The Roland FP-30 uses the PHA-4 hammer action on its keyboard. 4 stand for the 4th generation of this technology. It’s a step forward from previous models, and the same type of hammer action as found on higher priced digital pianos from Roland. The key surfaces are simulated ebony and ivory, which aren’t only nice to touch but offer superior grip. Compared to the previous generation, this keyboard action produces less noise and has a better internal mechanism. All these characteristics combine to offer a very realistic piano playing experience.
A chapter where the battle between the Yamaha P125 vs Roland FP-30 is pretty even is functions.
As you might have expected of contemporary digital pianos, although entry level, there are multiple functionalities that can be pretty helpful while practicing.
They both offer a metronome function, which help you keep your rhythm more easily. This is especially useful while you’re in the beginning stages, when it’s not uncommon to lose the right rhythm.
There are also a number of voices offered by each keyboard. There’s a difference in this number, though. The P125 has 24 voices, whereas the FP-30 has 35. Although the Yamaha has fewer voices, there are 3 variations of each. I don’t know how big of a factor this is for you, or if you need any of these voices at all, but they’re quite fun to play around with.
Let’s start with the headphone jacks. Both pianos have two headphone jacks. These are great because two people can use them at the same time.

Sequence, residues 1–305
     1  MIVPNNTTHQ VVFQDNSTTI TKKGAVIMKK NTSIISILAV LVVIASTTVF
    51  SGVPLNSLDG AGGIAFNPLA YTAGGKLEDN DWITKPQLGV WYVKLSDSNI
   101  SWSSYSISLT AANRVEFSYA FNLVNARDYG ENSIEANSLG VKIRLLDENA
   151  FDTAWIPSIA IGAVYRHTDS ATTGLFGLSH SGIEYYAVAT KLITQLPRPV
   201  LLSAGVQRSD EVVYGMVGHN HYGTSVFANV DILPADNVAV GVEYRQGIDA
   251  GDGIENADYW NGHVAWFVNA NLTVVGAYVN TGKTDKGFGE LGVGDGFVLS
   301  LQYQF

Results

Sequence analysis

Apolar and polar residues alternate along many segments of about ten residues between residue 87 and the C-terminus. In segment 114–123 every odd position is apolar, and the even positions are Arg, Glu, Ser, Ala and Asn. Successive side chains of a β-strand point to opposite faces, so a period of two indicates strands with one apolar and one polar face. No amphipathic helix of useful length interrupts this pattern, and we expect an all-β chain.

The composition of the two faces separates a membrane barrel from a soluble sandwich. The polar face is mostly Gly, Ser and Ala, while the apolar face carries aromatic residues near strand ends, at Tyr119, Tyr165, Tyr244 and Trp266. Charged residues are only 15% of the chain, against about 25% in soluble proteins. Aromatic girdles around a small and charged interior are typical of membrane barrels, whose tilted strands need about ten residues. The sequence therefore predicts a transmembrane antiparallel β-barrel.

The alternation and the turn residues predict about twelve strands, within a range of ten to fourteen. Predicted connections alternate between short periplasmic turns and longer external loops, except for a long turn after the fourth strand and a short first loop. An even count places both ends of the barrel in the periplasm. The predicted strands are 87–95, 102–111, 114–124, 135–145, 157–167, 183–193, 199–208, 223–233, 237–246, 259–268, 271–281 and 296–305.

The unusual thing about the headphone jacks of the Roland FP-30 is that they’re located in the front of the piano. But when you think about it, they’re more convenient actually, because that’s where you’re going to need them. The other interesting thing is that they are two different sizes: a quarter of an inch and an eighth of an inch.
Both digital pianos have USB connections which enable you to save your recordings onto a computer. The Roland FP-30 has two ports USB type A and type B. Type A is for connecting a flash drive and type B for connecting a computer.
The notable difference between the Roland FP-30 vs Yamaha P125 in matters of connectivity is Bluetooth. With this functionality you can skip the corded USB connection altogether and connect the FP-30 wireless to your computer. Another point where the Yamaha P125 falls short, lacking an upgrade from the previous model.
Overall, both pianos, the Yamaha P125 and the Roland FP-30 are great choices as entry level digital pianos. If you are at beginner or intermediate levels, any of these two will cover your needs. But I have to say that the Roland is superior to the Yamaha because it’s just better at so many levels.
So, having in mind that they’re in the same price range, unless the 4 pounds weight difference is a deciding factor for you, I recommend you buy the Roland FP-30.